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Image Repair Using Social Identity Leadership: An Exploratory Analysis of the National Football League’s Response to the National Anthem Protests

Daniel Read and Daniel Lock

Events such as player protests can create image crises that require sport organizations to engage in political issues. In this manuscript, we blend image repair theory with the social identity approach to leadership to advance knowledge about how sport organizations communicate in response to crises. Applying a discursive social psychology framework to analyze 21 NFL communications and interview statements, we explored how the NFL’s rhetoric evolved in response to the 2016–2020 national anthem and Black Lives Matter protests. The NFL augmented its traditionally militarized patriot identity as the crisis progressed, to address the social change issues raised by protestors. We show that sport organizations use rhetoric to mobilize support for their version of events to manage threats to organizational image. Accordingly, we provide theoretical and managerial implications arguing that apolitical identities are increasingly untenable in sport.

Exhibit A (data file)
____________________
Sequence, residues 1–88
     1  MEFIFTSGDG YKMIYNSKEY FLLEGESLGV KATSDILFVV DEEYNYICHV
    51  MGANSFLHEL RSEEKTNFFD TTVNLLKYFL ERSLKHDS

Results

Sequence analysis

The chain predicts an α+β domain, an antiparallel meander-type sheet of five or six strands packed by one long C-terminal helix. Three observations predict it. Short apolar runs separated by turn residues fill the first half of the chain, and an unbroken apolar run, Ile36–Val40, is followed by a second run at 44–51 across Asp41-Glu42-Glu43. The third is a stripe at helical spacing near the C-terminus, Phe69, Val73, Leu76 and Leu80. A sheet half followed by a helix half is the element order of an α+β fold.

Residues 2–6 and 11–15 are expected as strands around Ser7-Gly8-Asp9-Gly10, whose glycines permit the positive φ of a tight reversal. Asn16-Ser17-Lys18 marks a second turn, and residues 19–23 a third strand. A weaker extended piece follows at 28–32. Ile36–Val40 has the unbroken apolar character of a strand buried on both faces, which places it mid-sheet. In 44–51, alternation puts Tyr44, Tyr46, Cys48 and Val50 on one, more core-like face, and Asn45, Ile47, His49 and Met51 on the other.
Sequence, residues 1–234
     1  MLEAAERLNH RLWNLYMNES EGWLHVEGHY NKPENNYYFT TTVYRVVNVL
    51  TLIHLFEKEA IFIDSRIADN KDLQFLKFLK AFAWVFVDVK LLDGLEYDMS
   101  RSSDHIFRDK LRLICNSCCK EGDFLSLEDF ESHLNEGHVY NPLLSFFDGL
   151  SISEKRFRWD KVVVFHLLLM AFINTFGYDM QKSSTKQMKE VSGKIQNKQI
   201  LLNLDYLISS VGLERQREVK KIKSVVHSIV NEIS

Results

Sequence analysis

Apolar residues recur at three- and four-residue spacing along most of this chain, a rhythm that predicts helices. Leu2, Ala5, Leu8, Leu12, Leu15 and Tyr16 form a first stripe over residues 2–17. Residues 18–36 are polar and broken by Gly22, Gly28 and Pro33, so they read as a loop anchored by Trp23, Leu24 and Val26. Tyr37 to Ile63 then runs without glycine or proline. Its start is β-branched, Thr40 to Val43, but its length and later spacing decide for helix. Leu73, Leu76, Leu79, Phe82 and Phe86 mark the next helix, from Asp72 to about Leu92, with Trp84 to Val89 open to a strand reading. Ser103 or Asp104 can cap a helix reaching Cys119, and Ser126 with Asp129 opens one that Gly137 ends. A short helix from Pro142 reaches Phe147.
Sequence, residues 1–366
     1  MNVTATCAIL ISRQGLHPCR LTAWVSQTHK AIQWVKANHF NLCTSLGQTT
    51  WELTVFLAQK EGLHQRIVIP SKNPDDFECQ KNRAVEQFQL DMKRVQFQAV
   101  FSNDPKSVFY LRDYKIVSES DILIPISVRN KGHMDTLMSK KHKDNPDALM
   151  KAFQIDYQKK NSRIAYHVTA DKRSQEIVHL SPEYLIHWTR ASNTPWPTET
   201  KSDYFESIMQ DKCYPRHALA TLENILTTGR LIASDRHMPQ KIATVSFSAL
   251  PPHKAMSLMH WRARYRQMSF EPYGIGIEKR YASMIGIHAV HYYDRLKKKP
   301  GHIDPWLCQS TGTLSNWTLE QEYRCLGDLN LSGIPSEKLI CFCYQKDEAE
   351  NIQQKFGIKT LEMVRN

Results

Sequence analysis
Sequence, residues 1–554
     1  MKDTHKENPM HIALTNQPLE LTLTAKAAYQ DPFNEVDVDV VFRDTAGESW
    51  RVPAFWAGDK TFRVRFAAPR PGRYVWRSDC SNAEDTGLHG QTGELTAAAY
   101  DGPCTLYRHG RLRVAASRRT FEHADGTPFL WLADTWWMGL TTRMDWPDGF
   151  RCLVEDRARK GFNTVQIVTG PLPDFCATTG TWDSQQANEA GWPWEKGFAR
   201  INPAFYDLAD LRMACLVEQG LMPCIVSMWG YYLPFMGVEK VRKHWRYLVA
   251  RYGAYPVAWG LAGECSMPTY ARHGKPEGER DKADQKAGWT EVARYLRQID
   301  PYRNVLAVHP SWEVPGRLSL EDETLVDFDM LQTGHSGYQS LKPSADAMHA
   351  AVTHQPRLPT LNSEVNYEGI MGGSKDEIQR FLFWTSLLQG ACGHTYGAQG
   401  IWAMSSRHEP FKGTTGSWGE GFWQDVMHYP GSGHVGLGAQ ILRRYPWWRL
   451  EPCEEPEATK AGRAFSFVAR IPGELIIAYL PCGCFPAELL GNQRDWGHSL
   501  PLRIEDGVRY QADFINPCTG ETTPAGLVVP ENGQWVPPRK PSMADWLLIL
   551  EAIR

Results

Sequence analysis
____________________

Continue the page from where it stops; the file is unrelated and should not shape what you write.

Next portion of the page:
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Social Media in Sport: Theory and Practice

Claudia Benavides-Espinoza and Amanda Wheeler Gryffin

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Volume 36 (2022): Issue 3 (May 2022): Special Issue: State of Literature

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Toward a Better Understanding of Fair-Weather Fandom: Exploring the Role of Collective Narcissism in Basking in Reflected Glory and Cutting Off Reflected Failure

Ben Larkin, Janet S. Fink, and Elizabeth Delia

Researchers have found highly identified sport fans exhibit almost unwavering loyalty. Such loyalty has been exhibited by fans basking in reflected glory (BIRGing) following team wins, but not cutting off reflected failure (CORFing) following team losses. In short, they stick with the team through thick and thin, and thus would not be construed as fair-weather fans (those who associate with the team when they are winning, but disassociate when they are losing). Despite their presence, little is known about fair-weather fans, including the roots of their fandom. In the current study, we explore the role of collective narcissism—a type of in-group identification characterized by an insecure self-esteem—in predicting BIRGing and CORFing patterns. We find collective narcissism to be a predictor of BIRGing and CORFing patterns characteristic of fair-weather fandom. This extends research on collective narcissism, BIRGing, and CORFing, while also providing actionable insight for practitioners seeking to combat fair-weather fandom.

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Customer Engagement in Sport: An Updated Review and Research Agenda

Heath McDonald, Rui Biscaia, Masayuki Yoshida, Jodie Conduit, and Jason P. Doyle